Old 12th October 2017, 22:03
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Even a steam enthusiast would have to admit these were very pragmatic mighty looking beasts.
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  #112  
Old 12th October 2017, 22:13
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SIX pistons arranged as 3 opposing pairs with three crank shafts in a triangular arrangement, as you say, hence Deltic from Greek Delta.
Usually in a bank of 6 giving 18 cylinders....

Also used in Dark class fast patrol boats.
And Ton class minesweepers.

The roots of the design go back into the early 1940's when an Admiralty Committee were looking for a high speed lightweight diesel engine such as the German E Boats were using. Given that Napier were busy developing a 24 cylinder "H" layout aero engine for the Hawker Typhoon, it took some time before the Deltic engine reached production. One of the original specifications called for the use of non magnetic alloys in its construction, with a view to installation in minesweepers.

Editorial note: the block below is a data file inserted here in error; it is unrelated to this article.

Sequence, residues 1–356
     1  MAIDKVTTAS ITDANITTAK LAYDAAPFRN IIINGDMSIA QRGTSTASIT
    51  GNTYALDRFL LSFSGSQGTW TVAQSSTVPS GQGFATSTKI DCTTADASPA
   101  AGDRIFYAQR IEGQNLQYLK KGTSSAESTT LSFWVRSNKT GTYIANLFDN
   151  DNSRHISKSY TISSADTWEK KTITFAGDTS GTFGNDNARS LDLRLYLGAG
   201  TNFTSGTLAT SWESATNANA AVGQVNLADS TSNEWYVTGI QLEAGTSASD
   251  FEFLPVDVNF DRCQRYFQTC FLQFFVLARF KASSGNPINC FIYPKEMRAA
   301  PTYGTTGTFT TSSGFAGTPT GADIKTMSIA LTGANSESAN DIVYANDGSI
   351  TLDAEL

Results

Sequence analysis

Roy.
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  #113  
Old 12th October 2017, 22:42
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A mate of mine in Stafford sent me this photo which is fascinating and should be captioned: "Be very bloody careful what you poke your fingers into."
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  #114  
Old 13th October 2017, 08:02
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Two ships have carried the name MV Sir John Cass. The first, commissioned in May 1940, as HMS
ML 252 a Fairmile B torpedo boat, was converted after the Second World War and was used by the Sir John Cass School of Navigation for radar training.

I did my 2nd. mates radar training on the first vessel, which, if I remember correctly was powered by 2 Delta engines, one for each prop. Rolls Royce rings a bell as the manufacturer, although that distant memory could easily be corrected.
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  #115